Sunday, December 03, 2006

Snowman in the Laundry Basket

Being Jewish (and young), my boys know very little about Christmas celebrations, secular or otherwise. Particularly, they know next to nothing about Santa, which is just fine with me. In fact, I knew that I was on the right track when a well-meaning woman at the grocery store asked Oldest Son (age 5), "What do you want Santa to bring you this year?"

Oldest Son: Santa?

Woman: Yes, what's Santa going to bring you for Christmas?

Oldest Son: Oh, we don't celebrate Christmas. We celebrate Chanukah. And guess what? We get to light candles and sing songs and tell stories and read books and play dreidel. I love to play dreidel! I can spin it all by myself! I can't wait for Chanukah!

Woman: Oh. Well, Mery Christmas.

I didn't even care about her Christmas wish after hearing all about our Chanukah celebrations. What I loved was how excited he was and how he never mentioned presents (which we do very little of, admittedly).

This was all reinforced days later when Oldest Son saw a huge inflatable yard decoration of Santa's legs and feet sticking out of a chimney. Now, both of my boys refer to Santa as a snowman (man in the snow - makes sense), and I haven't bothered to correct them.

Oldest Son: Look! A red snowman is upside down in a laundry basket. That's silly! [laughs] Hey Eema (Hebrew for "Mom"), are we gonna get to play dreidel again this year?

Me: Absolutely!


Anonymous said...

Someone is doing something correctly! Kol ha'kavod, Sheyna!

Anonymous said...

You know you're doing something right if the kids get a g'shmak out of their Jewishness. It is so key for Judaism to be about joy for them instead of a whole litany of don'ts.

Sheyna said...

Anonymous and Ayelet - thanks! I can't take all the credit; I think my kids are awesome in their own right. It is very satisfying, though, to know that they're looking for joy in the same places I am (family togetherness, community, special times). I hope this is a value they'll carry with them for the rest of their lives.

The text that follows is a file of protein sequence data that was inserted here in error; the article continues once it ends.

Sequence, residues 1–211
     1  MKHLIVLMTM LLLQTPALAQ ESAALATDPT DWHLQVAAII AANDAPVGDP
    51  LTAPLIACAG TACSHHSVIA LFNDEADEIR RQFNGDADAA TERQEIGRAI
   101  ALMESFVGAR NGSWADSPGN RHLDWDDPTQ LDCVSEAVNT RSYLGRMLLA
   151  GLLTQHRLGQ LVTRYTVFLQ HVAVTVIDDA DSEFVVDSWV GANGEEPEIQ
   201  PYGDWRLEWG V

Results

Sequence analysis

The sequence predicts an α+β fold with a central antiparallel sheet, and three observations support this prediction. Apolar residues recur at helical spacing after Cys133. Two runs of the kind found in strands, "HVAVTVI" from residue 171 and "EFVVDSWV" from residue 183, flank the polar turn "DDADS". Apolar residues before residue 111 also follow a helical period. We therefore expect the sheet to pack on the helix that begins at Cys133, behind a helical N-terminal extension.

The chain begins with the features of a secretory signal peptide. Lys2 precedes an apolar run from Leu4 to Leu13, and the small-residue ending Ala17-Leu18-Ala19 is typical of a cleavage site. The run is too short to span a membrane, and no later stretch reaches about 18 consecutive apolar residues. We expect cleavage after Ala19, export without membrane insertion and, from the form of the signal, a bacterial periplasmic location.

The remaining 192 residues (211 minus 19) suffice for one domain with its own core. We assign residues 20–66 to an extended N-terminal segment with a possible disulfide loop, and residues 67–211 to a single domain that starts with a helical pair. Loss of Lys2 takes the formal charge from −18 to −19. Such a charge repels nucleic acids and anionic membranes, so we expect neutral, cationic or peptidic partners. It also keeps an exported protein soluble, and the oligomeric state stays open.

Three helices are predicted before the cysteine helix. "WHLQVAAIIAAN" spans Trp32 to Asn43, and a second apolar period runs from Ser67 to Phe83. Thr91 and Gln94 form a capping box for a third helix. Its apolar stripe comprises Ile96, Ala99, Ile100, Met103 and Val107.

Kiwi the Geek said...

After all the kid said, I CAN'T BELIEVE she wished him Merry Christmas! I smacked my forehead! I'm a Christian, and I think it's silly to disallow the word "Christmas", but if you *know* somebody celebrates differently, get a clue!

PsychoToddler said...

Kiwi, there are alot of clueless folks out there who can't wrap their brains around the concept of some people not being Christians.

I had a lady come in today who asked me if I was "one of those people who doesn't believe in Jesus." Granted, she doesn't have a lot going on upstairs. And she wasn't being malicious either. She just couldn't understand how I could not believe in God.

I told her I do believe in God, I'm just not Christian. She had trouble with this (mind you, I wear a big freaking Yarmulke to work, that's why she asked in the first place). She wanted to know if I go to Church.

I told her I go to synagogue and pray to God twice a day, everyday. She was still very disappointed in me.

Kiwi the Geek said...

I'm aware of narrow minded people, but they still surprise me. I guess I can't wrap my brain around how they can be so stuck in one point of view. Some people need to learn history. I'm reminded of a Treppenwitz post titled "The sweet diversity of the incense".

Anonymous said...

There is finally a alternative for a Jewish inflatable in the front yard during Hanukkah.
Have fun and let's celebrate our holiday on our front yards too!